# Photons and the weak force

## Main Question or Discussion Point

Hi guys,

Could someone with a better understanding of the standard model answer a question about the weak force?

In a class I'm teaching, a question in the textbook asks if photons feel the weak force. My first thought was that it's fermions that feel the weak force and therefore the answer is no.

Then I thought about electro-weak unification and it occured to me that it might maker sense if photons were involved in weak interactions at higher energies. Is this correct, or have I got the wrong idea?

Thanks

## Answers and Replies

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mfb
Mentor
Photons interact with charged particles, and the W bosons are charged. I think you can call this "feel the weak force", but I prefer "weak interaction". The weak interaction is not like a classical force.

Yep, that makes sense. I'm not sure why I didn't think of the charge on the W boson. Probably because the question asked to select particles that are affected by the weak force from a list. The photon was the only boson on the list (the rest were fermions), so I kind of assumed that since it was the odd one out then that would be the one that wasn't involved in weak interactions. But that didn't seem quite right somehow.

Thanks for the help.

UltrafastPED
Gold Member
But look at this closed thread: "Does the Z boson couple to photons?"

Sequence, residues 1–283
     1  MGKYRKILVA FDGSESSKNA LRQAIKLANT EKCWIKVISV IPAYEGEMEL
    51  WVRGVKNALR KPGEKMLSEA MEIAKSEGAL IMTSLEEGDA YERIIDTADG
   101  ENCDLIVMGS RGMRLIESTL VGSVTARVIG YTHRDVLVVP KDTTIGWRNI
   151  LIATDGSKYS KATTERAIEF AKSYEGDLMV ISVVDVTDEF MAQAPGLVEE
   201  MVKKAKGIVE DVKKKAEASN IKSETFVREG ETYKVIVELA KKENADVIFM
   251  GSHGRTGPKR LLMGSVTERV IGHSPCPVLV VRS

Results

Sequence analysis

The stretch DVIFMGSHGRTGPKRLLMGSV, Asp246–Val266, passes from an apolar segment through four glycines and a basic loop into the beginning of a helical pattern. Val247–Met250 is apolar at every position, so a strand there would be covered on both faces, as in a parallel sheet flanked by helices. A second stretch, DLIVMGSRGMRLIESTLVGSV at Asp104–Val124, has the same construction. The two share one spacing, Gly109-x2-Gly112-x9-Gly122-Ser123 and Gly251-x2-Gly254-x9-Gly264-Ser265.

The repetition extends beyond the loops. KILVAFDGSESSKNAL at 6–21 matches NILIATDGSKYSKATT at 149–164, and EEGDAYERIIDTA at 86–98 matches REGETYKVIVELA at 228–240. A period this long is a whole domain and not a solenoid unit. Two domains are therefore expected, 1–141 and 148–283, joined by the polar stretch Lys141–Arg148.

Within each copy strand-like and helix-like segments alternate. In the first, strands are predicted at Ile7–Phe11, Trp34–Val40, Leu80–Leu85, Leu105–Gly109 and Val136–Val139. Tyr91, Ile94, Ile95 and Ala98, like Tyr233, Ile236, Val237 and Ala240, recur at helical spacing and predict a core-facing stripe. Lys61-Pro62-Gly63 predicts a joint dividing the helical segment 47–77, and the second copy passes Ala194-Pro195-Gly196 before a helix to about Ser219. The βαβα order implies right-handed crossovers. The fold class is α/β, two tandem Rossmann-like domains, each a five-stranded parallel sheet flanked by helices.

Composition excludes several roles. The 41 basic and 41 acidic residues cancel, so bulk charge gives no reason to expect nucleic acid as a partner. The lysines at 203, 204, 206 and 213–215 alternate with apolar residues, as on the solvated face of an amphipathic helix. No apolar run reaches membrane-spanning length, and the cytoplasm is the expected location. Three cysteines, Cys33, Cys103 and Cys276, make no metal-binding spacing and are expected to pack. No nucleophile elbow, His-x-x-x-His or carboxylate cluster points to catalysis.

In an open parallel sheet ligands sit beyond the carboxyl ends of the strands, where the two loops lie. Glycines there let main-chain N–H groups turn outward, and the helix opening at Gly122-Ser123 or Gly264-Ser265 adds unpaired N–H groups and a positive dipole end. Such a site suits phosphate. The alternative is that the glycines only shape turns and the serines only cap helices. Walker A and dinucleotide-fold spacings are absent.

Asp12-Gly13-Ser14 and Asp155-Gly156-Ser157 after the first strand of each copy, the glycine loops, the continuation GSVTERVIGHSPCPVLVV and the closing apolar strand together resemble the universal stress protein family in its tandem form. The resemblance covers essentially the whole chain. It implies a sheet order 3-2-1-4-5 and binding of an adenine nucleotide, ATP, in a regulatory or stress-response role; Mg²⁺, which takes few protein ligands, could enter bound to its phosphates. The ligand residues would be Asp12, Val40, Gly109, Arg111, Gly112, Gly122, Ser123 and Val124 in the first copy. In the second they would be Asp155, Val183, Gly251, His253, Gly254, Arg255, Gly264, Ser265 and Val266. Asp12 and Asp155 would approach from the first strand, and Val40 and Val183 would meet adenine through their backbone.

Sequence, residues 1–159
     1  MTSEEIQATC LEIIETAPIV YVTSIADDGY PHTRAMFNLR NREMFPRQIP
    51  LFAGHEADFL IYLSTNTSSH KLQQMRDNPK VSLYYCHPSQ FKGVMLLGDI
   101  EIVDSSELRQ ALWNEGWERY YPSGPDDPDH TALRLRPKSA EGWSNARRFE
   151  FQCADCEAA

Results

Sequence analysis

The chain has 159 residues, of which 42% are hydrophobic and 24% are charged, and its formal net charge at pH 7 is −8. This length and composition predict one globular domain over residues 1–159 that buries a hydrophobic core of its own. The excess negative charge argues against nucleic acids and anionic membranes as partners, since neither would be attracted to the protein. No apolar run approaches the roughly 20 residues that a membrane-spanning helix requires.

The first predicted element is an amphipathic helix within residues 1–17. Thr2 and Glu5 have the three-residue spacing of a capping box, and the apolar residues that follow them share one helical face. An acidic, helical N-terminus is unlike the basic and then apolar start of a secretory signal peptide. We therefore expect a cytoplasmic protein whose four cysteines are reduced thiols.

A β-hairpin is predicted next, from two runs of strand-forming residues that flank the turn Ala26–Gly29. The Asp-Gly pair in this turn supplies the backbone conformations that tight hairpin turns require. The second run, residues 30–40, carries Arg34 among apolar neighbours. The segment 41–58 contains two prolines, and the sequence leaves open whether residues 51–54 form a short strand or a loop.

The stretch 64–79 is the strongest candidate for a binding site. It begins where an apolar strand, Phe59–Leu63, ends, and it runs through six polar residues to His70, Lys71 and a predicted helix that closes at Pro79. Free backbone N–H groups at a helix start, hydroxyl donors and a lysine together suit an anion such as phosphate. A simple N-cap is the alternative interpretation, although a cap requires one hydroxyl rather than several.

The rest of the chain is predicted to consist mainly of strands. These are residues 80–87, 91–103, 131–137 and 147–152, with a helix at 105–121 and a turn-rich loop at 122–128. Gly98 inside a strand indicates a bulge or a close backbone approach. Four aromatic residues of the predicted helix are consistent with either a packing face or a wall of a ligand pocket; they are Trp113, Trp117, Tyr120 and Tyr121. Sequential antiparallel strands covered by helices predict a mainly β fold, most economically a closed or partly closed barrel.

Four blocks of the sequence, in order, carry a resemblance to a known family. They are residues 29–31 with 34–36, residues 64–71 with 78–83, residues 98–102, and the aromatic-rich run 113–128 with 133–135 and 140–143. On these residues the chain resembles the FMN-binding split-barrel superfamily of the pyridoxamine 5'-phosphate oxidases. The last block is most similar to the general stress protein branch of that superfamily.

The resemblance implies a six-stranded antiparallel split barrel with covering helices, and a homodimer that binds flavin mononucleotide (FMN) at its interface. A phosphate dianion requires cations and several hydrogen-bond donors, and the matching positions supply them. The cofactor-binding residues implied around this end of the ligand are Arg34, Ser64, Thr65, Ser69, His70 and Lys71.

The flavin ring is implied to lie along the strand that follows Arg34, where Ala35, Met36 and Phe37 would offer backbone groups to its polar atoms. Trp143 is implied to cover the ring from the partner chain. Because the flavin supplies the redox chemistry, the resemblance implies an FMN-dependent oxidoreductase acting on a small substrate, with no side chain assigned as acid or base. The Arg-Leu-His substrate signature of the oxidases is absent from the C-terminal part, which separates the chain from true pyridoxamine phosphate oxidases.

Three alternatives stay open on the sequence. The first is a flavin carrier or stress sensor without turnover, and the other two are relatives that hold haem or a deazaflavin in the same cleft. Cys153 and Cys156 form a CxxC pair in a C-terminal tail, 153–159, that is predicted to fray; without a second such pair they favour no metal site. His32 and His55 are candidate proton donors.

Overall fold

I was taught that photons only interact with charged particles; this is an electromagnetic interaction, and is independent of the weak force. Thus I would say that photons do not interact via the weak force.

jtbell
Mentor
Photons interact with charged particles, and the W bosons are charged. I think you can call this "feel the weak force", but I prefer "weak interaction".
But isn't the coupling in this case nevertheless electromagnetic?

mfb
Mentor
But isn't the coupling in this case nevertheless electromagnetic?
I guess that is just a matter of definition. Both views are possible, and if we call it "electroweak interaction" the difference vanishes completely.

UltrafastPED
Gold Member
if we call it "electroweak interaction" the difference vanishes completely.
That is the name of the unified force ... but at "everyday" energies they are independent.

Bill_K
I guess that is just a matter of definition. Both views are possible, and if we call it "electroweak interaction" the difference vanishes completely.
No,mfb, I don't agree with this. There is no ambiguity - the photon has no other interaction. It couples to the electromagnetic current and that is all.

fzero
Homework Helper
Gold Member
Of course the original question is a bad one for an expert, since we are forced to assume that it refers to tree-level interactions. It isn't much of a stretch to define "feel the weak force" with "two photons in, two photons out, W or Z in the intermediate state", but without really knowing the context of the textbook, we probably shouldn't even assume that.

Photons cannot interact through weak interaction because they have vanishing weak isospin and no weak hypercharge either.

Of course the original question is a bad one for an expert,